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BOSTON – Pharmaceutical company Gilead Sciences, Inc. (Gilead), based in Foster City, Calif., has agreed to pay $97 million to resolve claims that it violated the False Claims Act by illegally using a foundation, Caring Voice Coalition (CVC), as a conduit to pay the Medicare co-pays for its own drug, Letairis.
When a Medicare beneficiary obtains a prescription drug covered by Medicare Part D, the beneficiary may be required to make a partial payment, which may take the form of a co-payment, co-insurance, or deductible (collectively, co-pays). Congress included co-pay requirements in these programs, in part, to encourage market forces to serve as a check on health care costs, including the prices that pharmaceutical manufacturers can demand for their drugs. The Anti-Kickback Statute prohibits pharmaceutical companies from offering or paying, directly or indirectly, any remuneration – which includes money or any other thing of value – to induce Medicare patients to purchase the companies’ drugs.
As part of today’s settlement, the government alleged that Gilead used CVC, which claimed 501(c)(3) status for tax purposes, as a conduit to pay the co-pay obligations of thousands of Medicare patients taking Letairis, which is approved to treat pulmonary arterial hypertension (PAH). According to the government’s allegations, Gilead used CVC to cover the patients’ co-pays in order to induce those patients’ purchases of Letairis. Gilead knew that the prices it set for Letairis otherwise could have posed a barrier to those purchases.
The government specifically alleged that, from June 15, 2007, through Dec. 31, 2010, Gilead routinely obtained data from CVC detailing how many Letairis patients CVC had assisted, how much CVC had spent on those patients, and how much CVC expected to spend on those patients in the future. Gilead allegedly received this information through funding requests, telephone calls, and written reports. Gilead then used this information to budget for future payments to CVC to cover the co-pays of patients taking Letairis, but not of patients taking other manufacturers’ PAH drugs. The government alleged that Gilead engaged in this practice even though it knew it should not receive or use data concerning CVC’s expenditures on co-pays for Letairis. The government also alleged that, to generate revenue from Medicare, Gilead referred Medicare patients to CVC, which resulted in claims to Medicare to cover the cost of Letairis.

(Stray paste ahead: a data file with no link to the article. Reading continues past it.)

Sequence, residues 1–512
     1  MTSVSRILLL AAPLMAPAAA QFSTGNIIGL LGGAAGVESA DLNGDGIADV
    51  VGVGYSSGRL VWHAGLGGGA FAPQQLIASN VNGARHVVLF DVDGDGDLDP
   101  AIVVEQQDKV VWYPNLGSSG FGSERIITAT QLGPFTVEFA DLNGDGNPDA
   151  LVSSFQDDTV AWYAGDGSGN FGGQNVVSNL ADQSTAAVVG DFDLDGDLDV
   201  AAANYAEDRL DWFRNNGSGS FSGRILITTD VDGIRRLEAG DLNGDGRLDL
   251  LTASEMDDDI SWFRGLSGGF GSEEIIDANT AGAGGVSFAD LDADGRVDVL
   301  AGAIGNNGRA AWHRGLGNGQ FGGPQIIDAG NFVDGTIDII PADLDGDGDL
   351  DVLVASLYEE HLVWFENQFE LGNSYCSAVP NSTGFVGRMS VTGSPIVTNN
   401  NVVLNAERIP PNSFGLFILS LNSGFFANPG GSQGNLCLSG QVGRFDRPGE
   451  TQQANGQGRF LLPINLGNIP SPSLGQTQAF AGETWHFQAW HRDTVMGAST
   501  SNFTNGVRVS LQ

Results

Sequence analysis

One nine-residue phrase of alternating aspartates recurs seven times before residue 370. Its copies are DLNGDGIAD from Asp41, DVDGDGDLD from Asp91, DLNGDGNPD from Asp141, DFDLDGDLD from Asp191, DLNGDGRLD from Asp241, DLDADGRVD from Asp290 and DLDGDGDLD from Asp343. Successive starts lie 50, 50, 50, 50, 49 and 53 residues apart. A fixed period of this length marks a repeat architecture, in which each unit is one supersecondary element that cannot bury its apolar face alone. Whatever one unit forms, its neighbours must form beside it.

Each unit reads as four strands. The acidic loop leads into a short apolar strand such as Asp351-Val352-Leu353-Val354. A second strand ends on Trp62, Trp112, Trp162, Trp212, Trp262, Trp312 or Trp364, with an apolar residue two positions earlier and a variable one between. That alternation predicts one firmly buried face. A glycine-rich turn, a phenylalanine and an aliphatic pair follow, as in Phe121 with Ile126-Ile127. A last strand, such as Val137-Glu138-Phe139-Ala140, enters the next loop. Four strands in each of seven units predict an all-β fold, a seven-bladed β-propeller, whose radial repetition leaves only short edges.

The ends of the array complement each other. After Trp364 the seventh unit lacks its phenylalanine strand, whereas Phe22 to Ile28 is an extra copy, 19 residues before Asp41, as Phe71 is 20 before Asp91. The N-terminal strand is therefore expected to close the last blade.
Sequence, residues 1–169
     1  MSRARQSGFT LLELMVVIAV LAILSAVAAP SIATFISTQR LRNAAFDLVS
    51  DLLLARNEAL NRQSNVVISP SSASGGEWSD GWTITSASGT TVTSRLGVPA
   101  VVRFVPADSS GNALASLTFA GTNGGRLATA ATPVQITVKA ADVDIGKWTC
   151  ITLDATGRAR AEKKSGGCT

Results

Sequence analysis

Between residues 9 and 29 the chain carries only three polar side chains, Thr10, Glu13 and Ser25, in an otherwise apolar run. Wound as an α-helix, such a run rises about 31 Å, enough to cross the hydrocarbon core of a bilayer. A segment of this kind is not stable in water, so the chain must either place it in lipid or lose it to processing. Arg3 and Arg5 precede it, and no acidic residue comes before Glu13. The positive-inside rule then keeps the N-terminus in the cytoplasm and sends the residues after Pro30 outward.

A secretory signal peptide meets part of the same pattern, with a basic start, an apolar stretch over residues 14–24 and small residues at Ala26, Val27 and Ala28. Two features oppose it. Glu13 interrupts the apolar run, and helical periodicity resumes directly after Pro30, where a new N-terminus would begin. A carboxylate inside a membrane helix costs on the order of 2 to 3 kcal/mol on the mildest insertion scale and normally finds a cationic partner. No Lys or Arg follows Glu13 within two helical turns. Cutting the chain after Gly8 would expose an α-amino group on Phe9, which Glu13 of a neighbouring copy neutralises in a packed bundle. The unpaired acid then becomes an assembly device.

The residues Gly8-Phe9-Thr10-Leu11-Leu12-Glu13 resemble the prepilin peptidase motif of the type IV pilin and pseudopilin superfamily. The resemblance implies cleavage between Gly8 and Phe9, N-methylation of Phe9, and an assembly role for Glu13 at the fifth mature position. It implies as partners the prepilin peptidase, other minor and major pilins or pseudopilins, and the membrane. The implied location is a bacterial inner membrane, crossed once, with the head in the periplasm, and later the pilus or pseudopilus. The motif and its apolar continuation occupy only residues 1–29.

“Like its competitors, Actelion and United Therapeutics, Gilead used data from CVC that it knew it should not have, and effectively set up a proprietary fund within CVC to cover the co-pays of just its own drug,” said United States Attorney Andrew E. Lelling. “Such conduct not only violates the anti-kickback statute, it also undermines the Medicare program’s co-pay structure, which Congress created as a safeguard against inflated drug prices. During the period covered by today’s settlement, Gilead raised the price of Letairis by over seven times the rate of overall inflation in the United States.”
“This settlement, like prior settlements concerning similar misconduct, demonstrates the government’s commitment to hold accountable companies that pay illegal kickbacks, whether directly or through a third party,” said Acting Assistant Attorney General Jeffrey Bossert Clark of the Department of Justice’s Civil Division. “We will not permit pharmaceutical manufacturers to set unaffordable drug prices while circumventing important cost-control mechanisms within the Medicare program.”
“When pharmaceutical companies deceitfully employ the charitable donation process as an instrument to subsidize copays for their own drugs, it subverts a critical safeguard against the excessive inflation of drug costs,” said Phillip M. Coyne, Special Agent in Charge, Office of the Inspector General of the Department of Health and Human Service’s Boston Regional Office. “Manipulation of this process threatens the integrity of our federal healthcare system, disregarding the American taxpayer who ultimately bears the cost. As such, we remain vigilantly focused on confronting this type of conduct and will continue our aggressive enforcement in this area.”
“Health care fraud costs our country tens of billions of dollars each year because of unscrupulous schemes like the one Gilead orchestrated that dangled kickbacks disguised as copay assistance in front of Medicare patients,” said Joseph R. Bonavolonta, Special Agent in Charge of the Federal Bureau of Investigations, Boston Division. “Today’s $97 million settlement ensures Gilead pays for defrauding a government insurance program and reaffirms the FBI’s resolve to pursue investigations and exhaust all efforts to uncover these schemes.”
To date, the Department of Justice has collected over $1 billion from eleven pharmaceutical companies (United Therapeutics, Pfizer, Actelion, Jazz, Lundbeck, Alexion, Astellas, Amgen, Sanofi, Novartis, and Gilead) that allegedly used third-party foundations as kickback vehicles. The Department also has reached settlements with four foundations (Patient Access Network Foundation, Chronic Disease Fund, The Assistance Fund, and Patient Services, Inc.) and a pharmacy (Advanced Care Scripts, Inc.) that allegedly conspired or coordinated with pharmaceutical companies on these kickback schemes.
U.S. Attorney Lelling, Acting Assistant Attorney General Clark, HHS-OIG SAC Coyne and Boston FBI SAC Bonavolonta made the announcement today. The matter was handled by Assistant U.S. Attorneys Gregg Shapiro and Abraham George of Lelling’s Affirmative Civil Enforcement Unit, and Trial Attorneys Sarah Arni and Augustine Ripa of the Department of Justice’s Civil Division.